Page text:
Two young men and one older guy are staring at the surf break known as Bowls just off Waikīkī, boards in hand. That’s a pretty common sight here at Magic Island; could be father and sons or uncle and nephews. But no: This trio is two of Hawai‘i’s top competitive surfers and their coach.
“Well, what’s the plan? What’s the tide doing?” says the older guy, surfing coach Rainos Hayes. Loud, energetic, with a shaved head and bright smile, Hayes combines high school football coach enthusiasm with surfer chill. His protégés are 13-year-old Kai “Kai-boy” Martin and 20-year-old Seth Moniz; the former is the 2018 Hawaii Surfing Association Boys Under 14 champ and the latter has a real shot at making the World Surfing League’s world championship tour next year. Hayes also coaches current WSL World Junior champion Finn McGill, who is playing hooky today (i.e., chasing a huge swell in Mexico). Today will be a “mellow” session to fill the lull between the Mainland summer competition season and Hawai‘i’s epic winter surf.
I’m tagging along to get a feel for what a highly successful surf coach does. In the past twenty-five years, Hayes has coached Hawai‘i’s youth to fifteen World Junior Championship titles (think the Farm League of surfing; winners are destined for the pros when they turn 18). If you can name a pro surfer to come out of the North Shore in the last two decades, like Pancho Sullivan or Keanu Asing, they’ve probably called Rainos “coach.”
You might expect a top-tier surf coach to be harsh, doling out scoldings for mistakes and putting his charges through endless drills. But Hayes isn’t the boot- camp type; he guides surfers to deepen their feeling for the sport. “Do the famous Moniz warm-up!” he tells Seth. Instead of push-ups or jumping jacks, Moniz sinks into a graceful, yoga-like movement. Martin follows suit. “It’s about activating the body, preparing their muscles for the demands of high performance surfing,” Hayes says as the two surfers transition to another dynamic pose. “This pose activates the hips and low back. When Seth’s brother Josh started doing this before heats, he stopped falling off and started winning.” It’s an awkward pose with knees going one way and feet going another. If you’ve ever wondered how surfers can miraculously keep the board attached to their feet during high-flying, point-scoring maneuvers, this is your answer.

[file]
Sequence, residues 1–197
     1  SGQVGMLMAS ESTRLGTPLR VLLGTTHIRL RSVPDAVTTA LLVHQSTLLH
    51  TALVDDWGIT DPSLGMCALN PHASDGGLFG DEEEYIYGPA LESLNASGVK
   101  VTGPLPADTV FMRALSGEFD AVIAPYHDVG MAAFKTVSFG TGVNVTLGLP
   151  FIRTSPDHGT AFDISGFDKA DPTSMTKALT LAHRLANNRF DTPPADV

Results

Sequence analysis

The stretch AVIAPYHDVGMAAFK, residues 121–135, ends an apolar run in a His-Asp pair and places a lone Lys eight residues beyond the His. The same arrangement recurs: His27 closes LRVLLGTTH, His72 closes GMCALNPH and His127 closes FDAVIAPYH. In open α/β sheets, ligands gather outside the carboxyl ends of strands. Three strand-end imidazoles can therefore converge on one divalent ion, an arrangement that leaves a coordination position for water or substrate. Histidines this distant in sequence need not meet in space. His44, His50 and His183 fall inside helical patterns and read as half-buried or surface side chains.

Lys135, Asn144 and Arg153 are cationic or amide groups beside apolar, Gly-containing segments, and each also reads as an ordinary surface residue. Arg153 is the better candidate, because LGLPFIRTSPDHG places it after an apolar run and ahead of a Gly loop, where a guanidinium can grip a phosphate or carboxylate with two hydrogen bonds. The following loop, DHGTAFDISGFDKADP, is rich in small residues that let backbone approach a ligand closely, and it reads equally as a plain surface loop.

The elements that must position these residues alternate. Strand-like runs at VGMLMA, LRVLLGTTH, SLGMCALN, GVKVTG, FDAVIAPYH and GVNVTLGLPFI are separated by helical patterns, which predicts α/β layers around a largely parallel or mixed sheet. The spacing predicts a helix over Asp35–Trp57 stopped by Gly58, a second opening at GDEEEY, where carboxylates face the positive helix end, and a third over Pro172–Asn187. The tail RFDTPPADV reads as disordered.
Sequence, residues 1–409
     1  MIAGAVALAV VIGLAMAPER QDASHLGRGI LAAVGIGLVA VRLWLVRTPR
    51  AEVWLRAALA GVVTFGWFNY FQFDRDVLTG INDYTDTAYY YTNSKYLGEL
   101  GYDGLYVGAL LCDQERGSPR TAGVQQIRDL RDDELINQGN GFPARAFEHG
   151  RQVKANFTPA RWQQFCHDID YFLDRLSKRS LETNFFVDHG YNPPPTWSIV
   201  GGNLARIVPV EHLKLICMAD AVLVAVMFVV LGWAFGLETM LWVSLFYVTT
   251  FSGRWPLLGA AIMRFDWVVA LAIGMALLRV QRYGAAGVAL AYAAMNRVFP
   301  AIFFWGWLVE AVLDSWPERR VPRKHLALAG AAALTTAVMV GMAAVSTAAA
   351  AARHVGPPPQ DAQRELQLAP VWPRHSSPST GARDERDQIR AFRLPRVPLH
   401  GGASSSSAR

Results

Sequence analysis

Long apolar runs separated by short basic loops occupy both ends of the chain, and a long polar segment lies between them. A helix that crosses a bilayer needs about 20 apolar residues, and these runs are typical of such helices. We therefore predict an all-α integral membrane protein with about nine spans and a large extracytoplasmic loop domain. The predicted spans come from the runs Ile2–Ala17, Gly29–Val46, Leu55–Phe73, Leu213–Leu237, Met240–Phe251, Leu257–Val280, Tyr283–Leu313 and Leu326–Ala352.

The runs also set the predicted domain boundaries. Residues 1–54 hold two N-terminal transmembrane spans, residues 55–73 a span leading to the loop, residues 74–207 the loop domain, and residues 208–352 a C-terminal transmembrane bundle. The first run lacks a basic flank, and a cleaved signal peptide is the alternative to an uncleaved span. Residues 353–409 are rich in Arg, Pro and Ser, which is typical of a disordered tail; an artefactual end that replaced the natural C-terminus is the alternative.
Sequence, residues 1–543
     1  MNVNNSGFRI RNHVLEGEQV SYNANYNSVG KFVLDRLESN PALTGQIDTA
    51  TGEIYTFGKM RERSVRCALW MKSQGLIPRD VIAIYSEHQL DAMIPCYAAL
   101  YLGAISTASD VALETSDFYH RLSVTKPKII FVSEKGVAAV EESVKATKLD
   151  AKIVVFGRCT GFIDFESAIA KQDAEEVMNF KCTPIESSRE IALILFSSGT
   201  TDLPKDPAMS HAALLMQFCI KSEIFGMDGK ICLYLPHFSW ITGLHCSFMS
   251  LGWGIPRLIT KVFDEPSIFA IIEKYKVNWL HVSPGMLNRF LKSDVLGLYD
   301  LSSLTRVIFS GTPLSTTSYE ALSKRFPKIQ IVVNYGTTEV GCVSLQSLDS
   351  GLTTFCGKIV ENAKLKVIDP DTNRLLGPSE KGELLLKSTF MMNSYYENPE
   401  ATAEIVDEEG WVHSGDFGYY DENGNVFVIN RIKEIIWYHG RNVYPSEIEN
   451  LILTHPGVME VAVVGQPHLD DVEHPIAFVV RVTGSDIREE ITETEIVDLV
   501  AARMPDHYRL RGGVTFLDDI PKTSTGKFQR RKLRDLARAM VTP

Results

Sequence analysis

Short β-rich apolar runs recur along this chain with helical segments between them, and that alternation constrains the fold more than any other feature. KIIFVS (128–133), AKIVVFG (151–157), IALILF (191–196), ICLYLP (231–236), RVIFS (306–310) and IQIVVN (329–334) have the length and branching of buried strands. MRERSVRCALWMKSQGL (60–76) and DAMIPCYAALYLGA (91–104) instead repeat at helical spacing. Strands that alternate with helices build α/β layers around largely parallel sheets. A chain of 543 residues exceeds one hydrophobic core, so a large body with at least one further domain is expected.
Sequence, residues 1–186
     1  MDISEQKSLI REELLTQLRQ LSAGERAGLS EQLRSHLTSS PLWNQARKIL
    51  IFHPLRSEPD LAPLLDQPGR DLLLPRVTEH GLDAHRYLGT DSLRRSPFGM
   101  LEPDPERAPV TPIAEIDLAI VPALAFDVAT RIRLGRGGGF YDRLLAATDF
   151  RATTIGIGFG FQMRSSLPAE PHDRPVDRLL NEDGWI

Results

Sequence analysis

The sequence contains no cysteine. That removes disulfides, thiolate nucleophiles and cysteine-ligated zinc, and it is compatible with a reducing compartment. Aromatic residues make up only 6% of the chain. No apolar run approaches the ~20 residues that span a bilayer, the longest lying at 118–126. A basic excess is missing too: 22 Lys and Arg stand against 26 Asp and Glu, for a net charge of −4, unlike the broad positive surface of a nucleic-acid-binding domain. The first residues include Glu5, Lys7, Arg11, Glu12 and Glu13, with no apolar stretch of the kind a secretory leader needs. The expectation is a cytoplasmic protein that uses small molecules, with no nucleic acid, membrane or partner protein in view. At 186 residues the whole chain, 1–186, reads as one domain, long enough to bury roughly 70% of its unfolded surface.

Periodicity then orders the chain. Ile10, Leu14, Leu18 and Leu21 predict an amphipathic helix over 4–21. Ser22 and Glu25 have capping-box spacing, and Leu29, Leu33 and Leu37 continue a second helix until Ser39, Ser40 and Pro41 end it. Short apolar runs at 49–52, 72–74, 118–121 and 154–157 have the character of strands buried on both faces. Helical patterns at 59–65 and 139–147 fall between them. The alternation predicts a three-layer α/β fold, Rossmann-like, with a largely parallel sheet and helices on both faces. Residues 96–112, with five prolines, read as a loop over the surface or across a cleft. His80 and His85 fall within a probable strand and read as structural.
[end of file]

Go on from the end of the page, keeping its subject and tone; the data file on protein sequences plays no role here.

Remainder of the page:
Like a lot of Kahuku High School grads, Hayes spent as much of his free time surfing as he could. “As a kid, I always pictured myself turning professional someday, but the bar was so high, I never thought I could achieve the level my mentors and idols did,” he says. Even if he couldn’t reach the rarefied high echelons of surf pro stardom, Hayes found a niche. “My gift came when my friends would call me ‘Coach Nos’ for always trying to help them out with their surfing. Later, it came naturally to help the kids I got the opportunity to work with.” To evolve into some kind of surf professional, Hayes knew he needed the best tools of the trade. “I approached Hawaiian Island Creations and told them I would do whatever it took to gain sponsorship for surfboards,” he says. Like a golfer lusting for a set of high-end clubs, he wanted a quiver of HIC boards “to make the most out of the variety of conditions we see on the North Shore.” Not to mention the reefs and pounding surf have a tendency to break surfboards like nowhere else. “I told them I’d sweep floors in the factory.” HIC finally offered him a management position overseeing their junior surf team in 1994.
Hayes got his boards and never had to sweep floors because the first day on the job, his team finished first. Not only was he a natural, it turns out coaching is in his DNA. His great-grandfather, Maurice Tommy Thompson, was a multisport coach in Minnesota and “a great golfer, a great storyteller,” Hayes says. “He empowered his athletes. He supported people with knowledge about themselves. He got people to trust not only their abilities but also their feelings. That’s my own approach in a nutshell.”
Today Hayes coaches for Billabong, the Australian surf brand that sponsors elite surfers and supplies them with gear. They approached him in 2003 about being a team manager because of his record of success and his knowledge of Hawai‘i’s waters and talent. It’s important for all surf companies to have a presence in Hawai‘i because, Hayes says, “it is both the birthplace of the sport and its ultimate proving grounds. The North Shore is an elite venue. This is the Mount Everest of surfing. Pro surfers come out here to see if they have what it takes.” And it’s those North Shore breaks, he says, that have made him into the surfing coach he’s become.